Intel Boss Bullish About MeeGo Despite Nokia

The boss of Intel, CEO Paul Otellini, remains bullish about the prospects for his company’s MeeGo smartphone operating system, despite its uncertain long-term fate in the wake of Nokia’s Windows Phone 7 deal.

“I don’t see that Nokia changing its strategy changes the industry strategy,” Otellini told Bloomberg at this week’s Mobile World Congress in Barcelona. “The operators still look for an open, operator-friendly operating system.”

That report also had Otellini saying he “understood” why Nokia and Microsoft would enter into an agreement.

2011 Arrival

Despite signing onto Windows Phone 7 as its main platform, Nokia plans to release a mobile device running MeeGo sometime this year. For its part, Intel apparently has MeeGo-loaded tablets in the works, along with smartphones, but the exact launch date for those devices remains uniformly unclear.

Other companies and carriers continue to participate with Intel in MeeGo’s development, including Advanced Micro Devices, Texas Instruments, ST-Ericsson, Novell, Sprint and Telefonica.

MeeGo made its original debut at Mobile World Congress in 2010, but Intel waited nine months before bringing AppUp, the platform’s application store, out of beta. The interface divides content into touch-activated vertical columns loaded with the user’s videos, music, contacts and the like.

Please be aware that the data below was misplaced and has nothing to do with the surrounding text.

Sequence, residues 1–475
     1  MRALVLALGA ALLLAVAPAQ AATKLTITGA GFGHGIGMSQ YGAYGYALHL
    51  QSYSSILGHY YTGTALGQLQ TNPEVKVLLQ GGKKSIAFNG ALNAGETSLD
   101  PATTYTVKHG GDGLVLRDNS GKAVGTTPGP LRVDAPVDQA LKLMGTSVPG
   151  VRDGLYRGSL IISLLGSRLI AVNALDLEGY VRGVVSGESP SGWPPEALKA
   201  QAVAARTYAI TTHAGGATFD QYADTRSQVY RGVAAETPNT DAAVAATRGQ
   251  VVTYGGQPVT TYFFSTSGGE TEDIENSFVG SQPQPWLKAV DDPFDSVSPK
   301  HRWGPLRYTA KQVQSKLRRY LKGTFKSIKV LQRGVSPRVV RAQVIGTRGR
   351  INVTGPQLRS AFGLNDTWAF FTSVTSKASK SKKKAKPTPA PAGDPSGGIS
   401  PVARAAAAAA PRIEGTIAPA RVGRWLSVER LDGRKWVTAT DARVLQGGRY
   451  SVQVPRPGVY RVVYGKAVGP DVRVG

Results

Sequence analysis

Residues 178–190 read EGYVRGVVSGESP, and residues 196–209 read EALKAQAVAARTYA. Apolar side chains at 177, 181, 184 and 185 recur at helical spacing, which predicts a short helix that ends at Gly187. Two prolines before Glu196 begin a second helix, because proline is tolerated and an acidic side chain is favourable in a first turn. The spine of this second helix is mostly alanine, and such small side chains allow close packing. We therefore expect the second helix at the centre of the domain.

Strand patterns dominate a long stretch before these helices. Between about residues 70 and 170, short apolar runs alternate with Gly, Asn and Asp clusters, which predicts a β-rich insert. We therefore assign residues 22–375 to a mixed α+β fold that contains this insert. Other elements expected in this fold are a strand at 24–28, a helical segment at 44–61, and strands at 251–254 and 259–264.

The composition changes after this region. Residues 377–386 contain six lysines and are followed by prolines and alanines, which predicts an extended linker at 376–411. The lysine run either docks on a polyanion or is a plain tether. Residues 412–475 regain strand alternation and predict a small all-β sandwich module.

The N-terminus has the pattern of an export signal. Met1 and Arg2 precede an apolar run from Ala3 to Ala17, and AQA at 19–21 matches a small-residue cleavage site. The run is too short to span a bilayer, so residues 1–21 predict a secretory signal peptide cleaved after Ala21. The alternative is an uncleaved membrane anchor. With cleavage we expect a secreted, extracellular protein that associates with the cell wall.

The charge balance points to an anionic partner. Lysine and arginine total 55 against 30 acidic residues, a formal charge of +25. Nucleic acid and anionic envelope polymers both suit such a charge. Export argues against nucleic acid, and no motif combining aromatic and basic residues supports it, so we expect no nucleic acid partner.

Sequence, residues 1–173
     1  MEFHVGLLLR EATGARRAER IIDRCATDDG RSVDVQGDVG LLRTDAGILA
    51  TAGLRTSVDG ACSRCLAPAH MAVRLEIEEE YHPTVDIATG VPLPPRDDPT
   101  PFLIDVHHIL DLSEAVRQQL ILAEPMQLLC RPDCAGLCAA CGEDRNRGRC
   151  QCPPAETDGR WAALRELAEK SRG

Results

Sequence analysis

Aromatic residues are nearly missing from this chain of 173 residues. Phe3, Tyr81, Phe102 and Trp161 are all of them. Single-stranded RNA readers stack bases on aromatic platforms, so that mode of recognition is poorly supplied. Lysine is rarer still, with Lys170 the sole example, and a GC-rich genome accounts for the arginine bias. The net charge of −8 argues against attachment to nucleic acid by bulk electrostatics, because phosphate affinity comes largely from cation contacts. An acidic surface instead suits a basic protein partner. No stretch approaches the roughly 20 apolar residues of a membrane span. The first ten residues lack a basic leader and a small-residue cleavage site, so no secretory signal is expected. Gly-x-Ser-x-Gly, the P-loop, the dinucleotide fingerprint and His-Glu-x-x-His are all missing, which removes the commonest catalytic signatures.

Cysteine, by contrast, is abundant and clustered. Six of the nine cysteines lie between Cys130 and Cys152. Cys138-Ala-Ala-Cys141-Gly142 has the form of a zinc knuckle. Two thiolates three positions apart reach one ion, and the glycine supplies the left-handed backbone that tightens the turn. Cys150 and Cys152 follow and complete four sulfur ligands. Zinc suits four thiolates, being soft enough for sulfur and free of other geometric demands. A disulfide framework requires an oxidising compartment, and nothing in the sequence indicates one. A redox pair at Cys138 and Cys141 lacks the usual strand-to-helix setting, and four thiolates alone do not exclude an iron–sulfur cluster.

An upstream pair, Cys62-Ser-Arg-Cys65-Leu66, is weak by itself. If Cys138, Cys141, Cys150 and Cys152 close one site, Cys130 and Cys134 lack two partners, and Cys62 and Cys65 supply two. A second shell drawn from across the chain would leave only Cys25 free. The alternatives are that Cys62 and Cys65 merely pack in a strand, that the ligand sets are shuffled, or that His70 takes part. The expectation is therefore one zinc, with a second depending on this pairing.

In the meantime, the agreement between Microsoft and Nokia promises to radically alter the mobile landscape in coming years, although analysts seem in general agreement that the two companies need to move quickly in putting Windows Phone 7 devices on the market.

“With the Microsoft deal unlikely to yield any products for nearly one year, Nokia will have no choice except to remain awkwardly reliant on the Symbian and MeeGo platforms in 2011,” William Kidd, an analyst with IHS iSuppli, wrote in a 14 February research note. “This will have further negative impact on Nokia’s already-eroding position in smartphones.”

Rival OS

Concept images of Nokia-built Windows Phone 7 devices are drifting around websites such as Winrumors. The devices’ sleek bodies seem tailored as a response to high-end smartphones such as the iPhone and Motorola Droid franchise. Whether those designs correspond with a final product remains a question that may not be answered until 2012, however.

Nokia’s agreement with Microsoft could help the latter penetrate the international markets where the former maintains a strong presence. That being said, Nokia’s placement as dead-last among top mobile OEMs, according to the latest data from research firm comScore, suggests the deal may have less impact on the US market.

With or without Nokia’s support, MeeGo faces substantial competition from the likes of Google Android, Apple’s iOS, Windows Phone 7, and Research In Motion’s BlackBerry franchise and PlayBook tablet.

Nicholas Kolakowski eWEEK USA 2013. Ziff Davis Enterprise Inc. All Rights Reserved.

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  • Idunno ... I used to use Nokia phones, and I was about to get an N900 with maemo. I'm pretty pissed off that Nokia didn't jump on Android instead of WP7. I'll probably get an HTC with Android now.

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Nicholas Kolakowski eWEEK USA 2013. Ziff Davis Enterprise Inc. All Rights Reserved.

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